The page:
What are the different types of Real Estate Development?

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Welcome back, here is a brief overview for our members as to the different types of development projects out there and some advantages and disadvantages of each. Each development site is different so these lists are a general overview and nothing is set in stone (no pun intended).

  1. Brownfield

  • In general, it refers to previously used land or areas of industrial or commercial facilities that are to be upgraded.

                                 Benefits:

    • Lower total costs: with the existing infrastructure in place, cost of upgrading is usually lower than starting from scratch (vary from project to project) and occupancy can happen much faster
    • Quick turnaround time: because of the existing infrastructure, planning permission (given the purpose of the site remains the same as previous establishment) is already in place and the upgrade can kick start straight away
    • Economically and politically favorable: being brownfield means that they are no longer suited to their previous use. It is usually desirable for both the local residents, the government and the investors/developers that an alternative use is found for these sites. Economic and/or regulatory incentives may be given for such projects
  • Drawbacks:
    • Development constraints: since it is based on prior establishments, brownfield developments will often require compromises, and are often faced with constraints
    • Operating difficulties: usually brownfield sites are located at inner-city and developers may encounter traffic congestion and noise when developing the sites
    • Environmental issues: many brownfield sites are already exposed to certain level of pollutions and it can be extremely costly for  the developers to comply with “today’s” environmental standards and clean up rules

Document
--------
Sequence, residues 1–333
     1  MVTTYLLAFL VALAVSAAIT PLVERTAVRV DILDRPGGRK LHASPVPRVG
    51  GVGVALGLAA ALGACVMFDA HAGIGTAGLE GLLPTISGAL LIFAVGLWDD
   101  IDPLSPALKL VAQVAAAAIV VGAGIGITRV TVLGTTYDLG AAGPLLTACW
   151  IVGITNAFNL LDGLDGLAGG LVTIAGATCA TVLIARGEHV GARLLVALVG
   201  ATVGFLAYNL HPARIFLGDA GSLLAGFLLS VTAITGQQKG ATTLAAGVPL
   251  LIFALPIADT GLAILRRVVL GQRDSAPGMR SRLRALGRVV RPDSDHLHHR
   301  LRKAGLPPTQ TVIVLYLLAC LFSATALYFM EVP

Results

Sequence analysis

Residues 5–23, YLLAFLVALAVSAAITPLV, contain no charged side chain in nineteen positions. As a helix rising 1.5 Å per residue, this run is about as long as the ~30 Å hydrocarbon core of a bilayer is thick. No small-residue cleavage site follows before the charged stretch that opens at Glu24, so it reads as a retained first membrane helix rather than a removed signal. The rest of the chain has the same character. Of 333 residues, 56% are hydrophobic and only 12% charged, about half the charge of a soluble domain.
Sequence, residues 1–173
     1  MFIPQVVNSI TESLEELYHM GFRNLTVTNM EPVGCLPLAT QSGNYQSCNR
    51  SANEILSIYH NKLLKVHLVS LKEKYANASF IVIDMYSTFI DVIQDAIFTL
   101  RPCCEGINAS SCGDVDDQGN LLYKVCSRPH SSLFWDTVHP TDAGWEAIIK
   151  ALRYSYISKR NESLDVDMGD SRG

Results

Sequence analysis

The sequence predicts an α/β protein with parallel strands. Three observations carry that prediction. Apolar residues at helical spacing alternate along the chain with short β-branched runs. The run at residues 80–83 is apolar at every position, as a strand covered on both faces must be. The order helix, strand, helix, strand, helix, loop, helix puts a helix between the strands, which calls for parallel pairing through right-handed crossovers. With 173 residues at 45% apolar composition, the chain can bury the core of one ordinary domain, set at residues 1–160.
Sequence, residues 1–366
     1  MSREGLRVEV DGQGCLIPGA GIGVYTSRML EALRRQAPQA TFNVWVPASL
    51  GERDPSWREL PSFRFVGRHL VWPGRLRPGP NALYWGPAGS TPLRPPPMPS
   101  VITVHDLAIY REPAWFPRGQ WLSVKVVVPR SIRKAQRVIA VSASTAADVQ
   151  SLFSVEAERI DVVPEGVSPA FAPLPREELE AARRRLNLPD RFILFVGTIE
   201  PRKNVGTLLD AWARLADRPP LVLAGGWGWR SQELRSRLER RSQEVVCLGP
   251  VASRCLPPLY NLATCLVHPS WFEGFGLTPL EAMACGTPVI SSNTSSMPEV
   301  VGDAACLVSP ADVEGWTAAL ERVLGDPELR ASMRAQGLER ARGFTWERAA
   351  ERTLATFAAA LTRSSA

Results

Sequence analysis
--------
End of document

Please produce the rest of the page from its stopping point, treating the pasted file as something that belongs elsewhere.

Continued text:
2. Greenfield

  • It refers to undeveloped land in a city or rural area either used for agriculture, landscape design, or left to evolve naturally.
  • It can be unfenced open fields, urban lots or restricted closed properties, kept off limits to the general public by a private or government entity.
  • Benefits:
    • Maximum flexibility: greenfield sites are vacant, they will be able to provide maximum flexibility for the design and operation of any new developments
    • Easy to comply with environmental standards (comparing to brownfield)
  • Drawbacks:
    • Long turnaround time: planning permissions may take a very long time to be approved by relevant government agencies and hence delay the project development process
    • Huge cost involved in developing from scratch

3. Sub-division

  • Subdivision is a property investment strategy which divides up a single piece of land into smaller pieces or lots, which can be developed (buildings on them) and sold separately.
  • In order to succeed in sub-division projects, the development potential must be evaluated carefully and accurately, factoring location, development permissions, cost of development and local market conditions
  • Partnering with experienced investors and developers will substantially increase the success rate of the sub-division projects as well as the maximum return on investment
  • Benefits:
    • More rapid creation of profit: the investor is buying properties/lands at the wholesale price and selling two or more smaller properties/pieces of lands at a higher per sqm price
    • Capital growth: a properly managed and timed sub-division project can increase the capital value of the properties
    • Lower costs and benefits: often land is sold with approvals to build, but those building costs are put back onto the buyers
  • Drawbacks:
    • Higher risk involved: higher multiples of revenue also signals a higher multiples of losses if the project fails since costs can sometimes be prohibitive and may vary from project to project